The school? He is addicted to digital after the “injury” of father. But more training is needed –

from Paolo Riva

The pandemic has seen distance learning fail, but new technologies are needed. The future formula is called Ddi, that is, “integrated”, for a different learning

From Father of Ddi. The acronyms are similar, but the ideas behind them are completely different. And absolutely crucial for the future of Italian school that if he managed to forget the first and invest in the second, he could change a lot. For the best. There Dad is distance learningwidely used for the pandemic e much criticized for its effects. Since its adoption, the number of students not acquiring basic skills in Italian and mathematics has increased. In addition, Prime Minister Draghi said: “Dad creates inequalities.” There Ddi, on the other hand, is digital teaching
integrated, defined by the Ministry of Education as an «innovative teaching-learning method». It is much less common than father, but in some institutions it is already a reality.

That high school Savoia Benincasa of Ancona is one of them. “At school, the digital embraces us,” says Jacopo Giuggioloni, a fourth-year student and school representative. The high school has modern rooms, PCs and internet connections in all classrooms, but above all new ways of doing school. Physics is understood by experiments recorded on video and analyzed together, image by image. Philosophy faces debates that connect thinkers’ ideas with current events. “We just studied Locke and Hobbes this way, and it was exciting,” Giuggioloni explains. Savoia Benincasa is in between the 22 institutes that in 2014 founded the avant-garde education movement: today there are over 1,300 in all of Italy and their goal is “to transform the school’s transmission model”.

«In the vision of the Movement – the researcher explains Ester Bonomi’s other welfare programs – the use of digital tools strengthens, enriches and integrates teaching activities, stimulates active learning and helps to strengthen cross-cutting skills ». Technology is therefore a means, not an end. Although it is growing rapidly, the number of educational avant-garde is still in the minority. “The point is to understand how excellent realities can pollute all other schools,” he explains Antonello Giannelli, President of the National Association of Principals. With the pandemic, progress has been made and new resources have been allocated, but according to Giannelli “they are not enough: we must continue”.

“There’s a delay on digital,” La adds Secretary General of the CISL School Ivana Barbacci. In his opinion, first and foremost, tools and infrastructures are lacking. «The transition from slate boards to Glue, the mul interactive whiteboards
timer, it was difficult due to lack of resources. I know of glue bought by parents, ”he says. “Another example is electronic register. All schools have it, but if you do not have internet in the classroom, the teacher ends up filling it out at home ”, with wasted time and lower benefits.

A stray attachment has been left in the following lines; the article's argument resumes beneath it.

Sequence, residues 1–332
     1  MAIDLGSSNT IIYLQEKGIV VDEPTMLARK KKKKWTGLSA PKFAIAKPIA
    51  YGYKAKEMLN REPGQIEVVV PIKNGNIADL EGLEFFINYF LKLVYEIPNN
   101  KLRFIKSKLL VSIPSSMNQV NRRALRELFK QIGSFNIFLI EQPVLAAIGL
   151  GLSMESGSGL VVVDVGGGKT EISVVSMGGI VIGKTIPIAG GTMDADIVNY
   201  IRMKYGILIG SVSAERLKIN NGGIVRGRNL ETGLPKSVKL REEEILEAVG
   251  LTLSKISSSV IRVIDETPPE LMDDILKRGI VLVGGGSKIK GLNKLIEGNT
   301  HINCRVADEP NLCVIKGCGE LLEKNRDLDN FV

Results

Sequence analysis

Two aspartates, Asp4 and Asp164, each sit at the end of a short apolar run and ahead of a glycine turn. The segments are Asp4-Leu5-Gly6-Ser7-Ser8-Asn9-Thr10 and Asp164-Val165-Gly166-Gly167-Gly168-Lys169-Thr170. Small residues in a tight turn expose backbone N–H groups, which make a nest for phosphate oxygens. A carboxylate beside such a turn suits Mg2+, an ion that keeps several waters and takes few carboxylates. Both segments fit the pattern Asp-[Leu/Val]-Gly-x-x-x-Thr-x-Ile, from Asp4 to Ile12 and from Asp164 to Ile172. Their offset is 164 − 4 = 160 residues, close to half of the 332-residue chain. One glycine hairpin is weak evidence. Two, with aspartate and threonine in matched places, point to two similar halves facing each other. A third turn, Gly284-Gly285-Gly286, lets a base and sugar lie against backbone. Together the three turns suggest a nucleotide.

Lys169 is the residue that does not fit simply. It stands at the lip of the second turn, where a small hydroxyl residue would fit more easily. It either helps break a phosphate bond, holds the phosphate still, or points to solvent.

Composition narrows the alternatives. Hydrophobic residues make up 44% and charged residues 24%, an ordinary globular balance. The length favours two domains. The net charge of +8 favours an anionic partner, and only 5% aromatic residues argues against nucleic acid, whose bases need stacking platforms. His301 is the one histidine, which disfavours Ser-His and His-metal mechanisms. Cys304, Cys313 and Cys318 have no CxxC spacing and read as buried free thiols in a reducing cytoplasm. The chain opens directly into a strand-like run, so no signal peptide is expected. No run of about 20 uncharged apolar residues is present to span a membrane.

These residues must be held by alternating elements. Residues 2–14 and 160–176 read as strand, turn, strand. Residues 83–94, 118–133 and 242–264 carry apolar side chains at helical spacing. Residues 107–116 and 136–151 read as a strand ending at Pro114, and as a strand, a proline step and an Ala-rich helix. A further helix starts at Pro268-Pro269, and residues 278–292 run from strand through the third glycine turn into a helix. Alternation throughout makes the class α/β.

In this sense is Pnrr, National Recovery and Resilience Plan funded by post-pandemic EU funds, it should help. On the one hand, it envisages € 2.1 billion to cable 40,000 school buildings and convert 100,000 classrooms into “connected learning environments”. On the other hand, it distributes 800 million for training about the digital transition of 650 thousand teachers and members of school staff. For that is also a fundamental question. All the more so in a country where digital skills, as evidenced by the Desi 2021 data, are low and well below the European average, even among young people.

“The teachers – Giannelli continues – have never been adequately updated”. “The organic nature of the training offer is lacking for teachers, which allows them to acquire new teaching methods – adds Barbacci – also digital ». For this reason, it is crucial by 2026 that the funds from the NRP are used in the best possible way. The risk otherwise is it everything is left to the good will of the individual teacher and that students are affected, especially those who are already having difficulty. And that they might end up leaving their studies or ending them badly.

In fact, in our country between 2019 and 2021 the total dropout rate increased from twenty-one to twenty-two percent: cThere is especially an increase among those who have also obtained an education but with insufficient basic skills. New teaching methods and new technologies are therefore also important in this perspective.

“Digital technology can help tackle educational poverty, but under certain conditions,” he reflects Marco Rossi Doria, chairman of the social enterprise Con in Bambini, created to concretize the fund’s resources to combat youth education poverty in projects in the area. “The first condition – he continues – is that all students and all students have an Internet connection and updated hardware and software tools at their disposal”. And this, as we saw during the pandemic, is by no means a matter of course. «The second condition is the leducational support places outside the schools, such as those promoted by With Children. It is digitized spaces, with computers and connections, but above all figures that follow the children and monitor their learning, also the digital ».

April 29, 2022 (change May 1, 2022 | 05:25)

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